I'm running as a Republican, so I was not surprised to be asked this question. Abortion has become the most contentious and divisive of all political issues.
As a centrist, my desire is to help people find common-ground or, at least, find a way to have a reasoned and civil discussion of the issue.
I'll begin by discussing some basic truths.
Abortion, along with birth rates and unintended pregnancy, has been declining, for decades. The most recent data shows the abortion rate has fallen to historic lows. The cause of this huge drop in abortion is the availability of better contraceptives.
Rule of Law
In 1974 the conservative Supreme Court in the Roe v. Wade decision effectively legalized first trimester abortion in the United States. Unless Roe v. Wade is overturned, laws restricting or denying women their right to an abortion is unconstitutional. It is also counterintuitive to restrict access to abortion since study after study shows such restrictions are ineffective in lowering abortion rates. It makes more sense to get behind successful practices like expanding access to long-term contraceptives and family-planning information.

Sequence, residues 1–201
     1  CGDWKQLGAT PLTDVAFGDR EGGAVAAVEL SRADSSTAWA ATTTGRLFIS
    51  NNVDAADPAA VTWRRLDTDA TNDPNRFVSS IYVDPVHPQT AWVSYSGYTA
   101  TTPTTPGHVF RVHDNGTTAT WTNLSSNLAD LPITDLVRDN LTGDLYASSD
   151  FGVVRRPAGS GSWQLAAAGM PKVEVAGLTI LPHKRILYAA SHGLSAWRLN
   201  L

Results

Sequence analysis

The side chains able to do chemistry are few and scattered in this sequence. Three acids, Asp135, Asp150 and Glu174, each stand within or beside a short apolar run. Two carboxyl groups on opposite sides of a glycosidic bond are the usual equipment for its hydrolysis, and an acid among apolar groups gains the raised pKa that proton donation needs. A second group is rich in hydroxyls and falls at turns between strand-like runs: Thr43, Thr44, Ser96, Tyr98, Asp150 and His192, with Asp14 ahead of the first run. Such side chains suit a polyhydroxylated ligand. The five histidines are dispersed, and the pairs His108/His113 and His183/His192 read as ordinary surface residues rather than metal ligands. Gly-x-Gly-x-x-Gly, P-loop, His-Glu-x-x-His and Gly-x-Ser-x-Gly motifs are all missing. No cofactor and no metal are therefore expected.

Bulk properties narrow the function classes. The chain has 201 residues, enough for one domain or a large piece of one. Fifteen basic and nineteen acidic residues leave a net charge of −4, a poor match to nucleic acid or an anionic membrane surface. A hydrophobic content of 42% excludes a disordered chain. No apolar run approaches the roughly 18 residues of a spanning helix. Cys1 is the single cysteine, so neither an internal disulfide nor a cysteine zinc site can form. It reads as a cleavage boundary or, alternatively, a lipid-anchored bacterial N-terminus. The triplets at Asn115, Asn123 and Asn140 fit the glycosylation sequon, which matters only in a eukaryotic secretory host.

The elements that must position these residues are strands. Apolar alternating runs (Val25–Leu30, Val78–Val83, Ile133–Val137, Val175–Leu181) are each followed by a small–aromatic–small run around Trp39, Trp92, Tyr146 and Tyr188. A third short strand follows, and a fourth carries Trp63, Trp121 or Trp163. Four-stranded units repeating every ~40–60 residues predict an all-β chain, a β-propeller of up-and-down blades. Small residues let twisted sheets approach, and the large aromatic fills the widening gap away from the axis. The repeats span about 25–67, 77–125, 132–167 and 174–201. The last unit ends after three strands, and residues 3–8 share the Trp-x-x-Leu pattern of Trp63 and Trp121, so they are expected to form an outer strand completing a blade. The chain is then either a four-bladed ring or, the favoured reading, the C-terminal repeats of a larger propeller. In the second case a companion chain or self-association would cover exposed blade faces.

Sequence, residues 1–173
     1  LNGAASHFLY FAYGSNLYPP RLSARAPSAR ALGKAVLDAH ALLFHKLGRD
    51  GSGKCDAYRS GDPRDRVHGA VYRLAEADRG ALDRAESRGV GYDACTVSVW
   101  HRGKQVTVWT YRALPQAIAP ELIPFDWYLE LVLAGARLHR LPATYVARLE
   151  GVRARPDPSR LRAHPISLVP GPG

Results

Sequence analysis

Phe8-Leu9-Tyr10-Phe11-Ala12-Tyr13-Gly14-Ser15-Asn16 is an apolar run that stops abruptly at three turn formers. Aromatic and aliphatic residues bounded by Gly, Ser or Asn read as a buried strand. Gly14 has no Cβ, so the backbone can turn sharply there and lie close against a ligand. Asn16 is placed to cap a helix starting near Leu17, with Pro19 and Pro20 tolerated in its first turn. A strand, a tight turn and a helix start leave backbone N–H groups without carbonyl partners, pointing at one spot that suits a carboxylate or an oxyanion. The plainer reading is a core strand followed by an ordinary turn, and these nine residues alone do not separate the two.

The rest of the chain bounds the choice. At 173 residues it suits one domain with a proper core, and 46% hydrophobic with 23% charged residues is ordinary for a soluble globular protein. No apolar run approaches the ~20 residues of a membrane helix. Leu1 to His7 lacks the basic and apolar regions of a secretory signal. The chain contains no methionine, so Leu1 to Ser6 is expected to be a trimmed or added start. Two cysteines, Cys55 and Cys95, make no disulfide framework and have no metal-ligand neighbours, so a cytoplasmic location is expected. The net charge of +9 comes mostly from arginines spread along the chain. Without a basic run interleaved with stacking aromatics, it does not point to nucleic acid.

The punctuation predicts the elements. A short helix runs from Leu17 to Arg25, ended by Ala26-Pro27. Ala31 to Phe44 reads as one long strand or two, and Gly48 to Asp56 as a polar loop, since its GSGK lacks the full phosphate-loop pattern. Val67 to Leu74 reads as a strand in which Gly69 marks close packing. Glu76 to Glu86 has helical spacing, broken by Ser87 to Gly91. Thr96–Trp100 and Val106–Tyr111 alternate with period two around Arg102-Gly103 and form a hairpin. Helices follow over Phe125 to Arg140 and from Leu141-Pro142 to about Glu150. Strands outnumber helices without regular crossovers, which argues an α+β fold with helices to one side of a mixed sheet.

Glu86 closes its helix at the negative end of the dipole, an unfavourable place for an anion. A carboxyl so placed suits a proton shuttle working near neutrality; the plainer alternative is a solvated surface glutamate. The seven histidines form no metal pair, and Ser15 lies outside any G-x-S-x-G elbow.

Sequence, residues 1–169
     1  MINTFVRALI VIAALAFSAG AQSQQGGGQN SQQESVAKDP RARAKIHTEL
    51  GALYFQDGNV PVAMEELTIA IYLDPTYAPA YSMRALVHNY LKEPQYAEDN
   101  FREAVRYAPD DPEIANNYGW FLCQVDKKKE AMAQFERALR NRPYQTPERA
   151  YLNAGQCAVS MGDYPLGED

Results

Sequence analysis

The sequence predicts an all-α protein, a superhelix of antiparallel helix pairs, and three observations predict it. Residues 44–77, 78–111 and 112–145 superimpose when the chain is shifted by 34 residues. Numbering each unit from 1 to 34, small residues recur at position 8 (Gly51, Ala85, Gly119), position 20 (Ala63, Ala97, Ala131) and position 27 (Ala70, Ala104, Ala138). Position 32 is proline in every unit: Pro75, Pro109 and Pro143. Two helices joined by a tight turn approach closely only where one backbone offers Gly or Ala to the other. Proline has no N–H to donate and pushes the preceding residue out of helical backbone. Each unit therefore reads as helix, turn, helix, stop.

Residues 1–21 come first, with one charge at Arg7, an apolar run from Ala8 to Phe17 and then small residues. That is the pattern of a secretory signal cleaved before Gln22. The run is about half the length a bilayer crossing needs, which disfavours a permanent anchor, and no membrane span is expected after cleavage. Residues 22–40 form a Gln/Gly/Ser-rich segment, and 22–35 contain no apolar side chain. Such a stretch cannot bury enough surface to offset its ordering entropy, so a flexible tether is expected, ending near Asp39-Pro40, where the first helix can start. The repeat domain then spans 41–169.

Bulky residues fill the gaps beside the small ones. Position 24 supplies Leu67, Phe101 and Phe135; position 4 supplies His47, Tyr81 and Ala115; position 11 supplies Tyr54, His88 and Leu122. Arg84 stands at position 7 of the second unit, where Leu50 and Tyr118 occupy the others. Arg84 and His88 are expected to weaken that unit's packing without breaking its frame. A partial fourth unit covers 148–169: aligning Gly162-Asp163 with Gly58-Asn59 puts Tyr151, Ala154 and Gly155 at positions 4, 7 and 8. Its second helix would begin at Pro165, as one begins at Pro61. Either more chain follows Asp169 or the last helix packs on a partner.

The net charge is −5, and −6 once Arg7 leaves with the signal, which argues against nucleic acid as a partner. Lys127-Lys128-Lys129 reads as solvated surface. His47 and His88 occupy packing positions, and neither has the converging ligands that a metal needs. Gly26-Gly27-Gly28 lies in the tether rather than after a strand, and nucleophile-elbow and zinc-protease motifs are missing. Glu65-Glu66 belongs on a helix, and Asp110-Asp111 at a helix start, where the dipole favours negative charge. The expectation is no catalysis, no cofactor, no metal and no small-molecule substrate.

Pew regularly surveys public opinion on Roe v. Wade. The public has accepted the legality of first trimester abortion and that public acceptance has grown stronger over time. Consequently there is no political will to attempt criminalization of abortion. It would be political suicide for any party that succeeded in reversing Roe v. Wade.
I am personally opposed to abortion as a form of contraception but understand criminalization is not a deterrent, can result in unhealthy outcomes, and does not have public support. Therefore, I am an a strong advocate of public programs to expand access to long-term contraceptives and family-planning information. A responsible, compassionate society would do everything reasonably possible to help women avoid unintended pregnancy and support the health, welfare, and education of all children.